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Stairscraper gives apartment dwellers taste of suburbia

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December 22, 2010

The Stairscraper

The Stairscraper

Image Gallery (12 images)

One of the big drawbacks for high-rise living is the lack of outdoor space, which in the best case is usually limited to a small balcony, or in the worst cases a window flowerbox ... or nothing at all. An innovative skyscraper design by Barcelona-based firm Nabito Architects solves this problem with a corkscrew design that makes the roof of the unit below an outdoor space for the unit above.

While the "Stairscraper" doesn’t offer the housing density of traditional skyscrapers, Nabito is looking to merge the urban with the suburban to provide the space-saving benefits of high-rise living with the added benefit of some private green space for individual units. In addition to the private outdoor spaces, the architects say some levels would also be set aside as public spaces.

The Stairscraper

According to the company, “the Stairscraper is a superposition of individual singular garden houses with the same characteristic of the horizontal sprawl but liberating the land and concentrating the uses and the energy. It is a social collective of individualities.”

As a result of Nabito Architects' design being named the 2010 project winner of the Total Housing Competition at The Storefront For Art and Architecture, the Stairscraper will apparently be built in Abu Dhabi in the United Arab Emirates (UAE).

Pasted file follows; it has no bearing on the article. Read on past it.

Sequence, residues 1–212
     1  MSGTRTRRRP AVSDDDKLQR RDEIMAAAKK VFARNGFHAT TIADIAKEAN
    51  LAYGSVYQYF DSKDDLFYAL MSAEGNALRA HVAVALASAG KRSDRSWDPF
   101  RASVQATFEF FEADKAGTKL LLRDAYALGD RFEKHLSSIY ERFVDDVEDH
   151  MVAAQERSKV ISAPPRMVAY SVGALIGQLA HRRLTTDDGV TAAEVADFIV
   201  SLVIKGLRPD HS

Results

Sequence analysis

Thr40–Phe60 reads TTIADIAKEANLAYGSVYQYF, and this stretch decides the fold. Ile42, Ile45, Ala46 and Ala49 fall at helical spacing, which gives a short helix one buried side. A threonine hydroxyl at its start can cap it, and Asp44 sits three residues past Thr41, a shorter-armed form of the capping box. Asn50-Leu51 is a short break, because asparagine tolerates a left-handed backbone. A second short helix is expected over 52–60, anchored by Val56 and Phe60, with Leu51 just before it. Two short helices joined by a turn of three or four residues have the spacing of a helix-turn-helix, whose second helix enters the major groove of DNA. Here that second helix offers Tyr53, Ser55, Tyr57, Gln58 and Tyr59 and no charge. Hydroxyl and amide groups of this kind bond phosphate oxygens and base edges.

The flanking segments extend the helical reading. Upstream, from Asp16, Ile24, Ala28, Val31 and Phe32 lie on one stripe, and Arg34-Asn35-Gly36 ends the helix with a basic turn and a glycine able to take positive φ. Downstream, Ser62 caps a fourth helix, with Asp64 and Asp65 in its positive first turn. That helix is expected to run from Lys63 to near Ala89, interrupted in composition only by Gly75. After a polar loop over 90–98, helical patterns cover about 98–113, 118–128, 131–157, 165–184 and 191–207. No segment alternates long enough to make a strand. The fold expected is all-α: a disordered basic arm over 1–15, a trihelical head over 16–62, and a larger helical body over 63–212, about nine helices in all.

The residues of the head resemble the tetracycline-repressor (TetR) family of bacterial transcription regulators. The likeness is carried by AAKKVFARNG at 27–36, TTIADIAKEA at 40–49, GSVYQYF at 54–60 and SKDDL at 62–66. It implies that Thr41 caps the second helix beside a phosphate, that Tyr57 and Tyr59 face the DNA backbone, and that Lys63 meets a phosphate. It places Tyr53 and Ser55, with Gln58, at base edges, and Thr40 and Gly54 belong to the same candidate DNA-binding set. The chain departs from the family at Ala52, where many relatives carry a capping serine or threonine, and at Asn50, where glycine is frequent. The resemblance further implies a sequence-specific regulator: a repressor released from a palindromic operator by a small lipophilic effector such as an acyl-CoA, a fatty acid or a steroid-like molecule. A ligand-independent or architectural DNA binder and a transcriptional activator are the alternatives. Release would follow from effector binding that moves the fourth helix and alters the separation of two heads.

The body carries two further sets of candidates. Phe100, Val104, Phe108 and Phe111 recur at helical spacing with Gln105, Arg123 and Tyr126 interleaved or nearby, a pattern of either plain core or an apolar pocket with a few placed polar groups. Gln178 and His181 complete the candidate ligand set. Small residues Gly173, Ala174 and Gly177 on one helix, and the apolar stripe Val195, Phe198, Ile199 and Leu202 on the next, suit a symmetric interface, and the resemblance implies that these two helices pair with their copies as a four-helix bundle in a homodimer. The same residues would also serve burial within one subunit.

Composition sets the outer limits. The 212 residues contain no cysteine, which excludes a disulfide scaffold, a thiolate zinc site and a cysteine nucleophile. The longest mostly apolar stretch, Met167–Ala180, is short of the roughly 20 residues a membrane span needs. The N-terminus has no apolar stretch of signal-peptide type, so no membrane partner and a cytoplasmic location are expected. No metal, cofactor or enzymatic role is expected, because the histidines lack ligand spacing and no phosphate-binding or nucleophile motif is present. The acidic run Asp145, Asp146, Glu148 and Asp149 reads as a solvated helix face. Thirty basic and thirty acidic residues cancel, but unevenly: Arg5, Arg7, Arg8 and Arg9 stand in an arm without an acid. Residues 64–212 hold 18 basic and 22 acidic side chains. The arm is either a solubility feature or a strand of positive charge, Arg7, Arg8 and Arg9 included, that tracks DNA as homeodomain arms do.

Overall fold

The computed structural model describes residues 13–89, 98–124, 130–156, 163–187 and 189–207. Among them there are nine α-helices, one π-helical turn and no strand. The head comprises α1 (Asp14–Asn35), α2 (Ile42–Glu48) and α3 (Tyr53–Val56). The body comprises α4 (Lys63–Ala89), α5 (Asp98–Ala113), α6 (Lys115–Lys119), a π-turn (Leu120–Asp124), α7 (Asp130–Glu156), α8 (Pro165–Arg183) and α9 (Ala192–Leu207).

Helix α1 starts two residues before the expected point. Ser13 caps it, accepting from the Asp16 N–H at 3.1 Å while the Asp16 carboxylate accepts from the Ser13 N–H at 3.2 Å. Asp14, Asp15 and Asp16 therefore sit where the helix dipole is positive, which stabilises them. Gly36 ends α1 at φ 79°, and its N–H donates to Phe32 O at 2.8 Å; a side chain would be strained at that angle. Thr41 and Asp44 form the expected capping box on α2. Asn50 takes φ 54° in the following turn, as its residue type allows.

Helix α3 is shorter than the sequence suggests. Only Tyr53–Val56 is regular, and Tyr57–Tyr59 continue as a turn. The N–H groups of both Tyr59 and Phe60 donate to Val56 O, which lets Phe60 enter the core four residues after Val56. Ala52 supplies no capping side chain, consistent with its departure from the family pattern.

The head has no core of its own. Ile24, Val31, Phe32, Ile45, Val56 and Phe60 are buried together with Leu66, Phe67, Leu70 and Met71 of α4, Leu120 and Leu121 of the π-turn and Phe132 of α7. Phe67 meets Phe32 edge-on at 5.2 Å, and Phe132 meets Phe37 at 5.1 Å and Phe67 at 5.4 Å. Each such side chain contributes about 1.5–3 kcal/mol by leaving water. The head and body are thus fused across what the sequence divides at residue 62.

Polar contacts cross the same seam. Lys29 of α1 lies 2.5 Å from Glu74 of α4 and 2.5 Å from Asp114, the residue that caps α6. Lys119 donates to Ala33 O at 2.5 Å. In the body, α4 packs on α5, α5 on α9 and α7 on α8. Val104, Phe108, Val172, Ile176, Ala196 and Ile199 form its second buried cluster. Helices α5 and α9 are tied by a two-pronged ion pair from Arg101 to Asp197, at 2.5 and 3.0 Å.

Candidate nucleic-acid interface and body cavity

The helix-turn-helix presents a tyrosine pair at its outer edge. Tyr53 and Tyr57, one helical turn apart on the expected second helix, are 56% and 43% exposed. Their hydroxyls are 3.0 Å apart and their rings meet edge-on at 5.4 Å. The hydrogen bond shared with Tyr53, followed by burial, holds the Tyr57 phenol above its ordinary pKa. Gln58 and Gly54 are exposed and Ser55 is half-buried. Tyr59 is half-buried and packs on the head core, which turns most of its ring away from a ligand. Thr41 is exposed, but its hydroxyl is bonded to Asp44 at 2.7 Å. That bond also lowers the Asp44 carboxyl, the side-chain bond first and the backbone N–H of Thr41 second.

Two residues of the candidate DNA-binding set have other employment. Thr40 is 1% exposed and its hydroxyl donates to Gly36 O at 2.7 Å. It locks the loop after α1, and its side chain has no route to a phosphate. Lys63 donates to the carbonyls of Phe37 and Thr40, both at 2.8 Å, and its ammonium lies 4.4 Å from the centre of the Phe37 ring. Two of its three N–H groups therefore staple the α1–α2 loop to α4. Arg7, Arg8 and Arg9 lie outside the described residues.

Via designboom

About the Author
Darren Quick Darren's love of technology started in primary school with a Nintendo Game & Watch Donkey Kong (still functioning) and a Commodore VIC 20 computer (not still functioning). In high school he upgraded to a 286 PC, and he's been following Moore's law ever since. This love of technology continued through a number of university courses and crappy jobs until 2008, when his interests found a home at Gizmag.   All articles by Darren Quick
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12 Comments

Gaaaah. Just looking at the conceptual image is triggering my acrophobia.

Facebook User
23rd December, 2010 @ 01:51 am PST

The trees crack me up, like there is really enough depth for the trees to root,... And if they did, the roots would destroy the building.

rsm
23rd December, 2010 @ 08:08 am PST

What to say when the neighbors kids lose their soccer ball over the fence comes to my mind.

YukonJack
23rd December, 2010 @ 09:23 am PST

Intriguing design. Beyond the problems noted by others, the on-the-edge yard barrier would never be approved by any city planner fearful of wrongful death lawsuits. There would have to be at least a 3 or 4 foot safety surround from the inner hub all the way around to the other side of the dwelling, possibly with yet another plexi-glass barrier on the very edge. Yes, most of today's balconies are built without any type of safety surround, but something that gives a false sense of a yard might cause people to perceive them more like a yard and behave less carefully on them than they would on a balcony.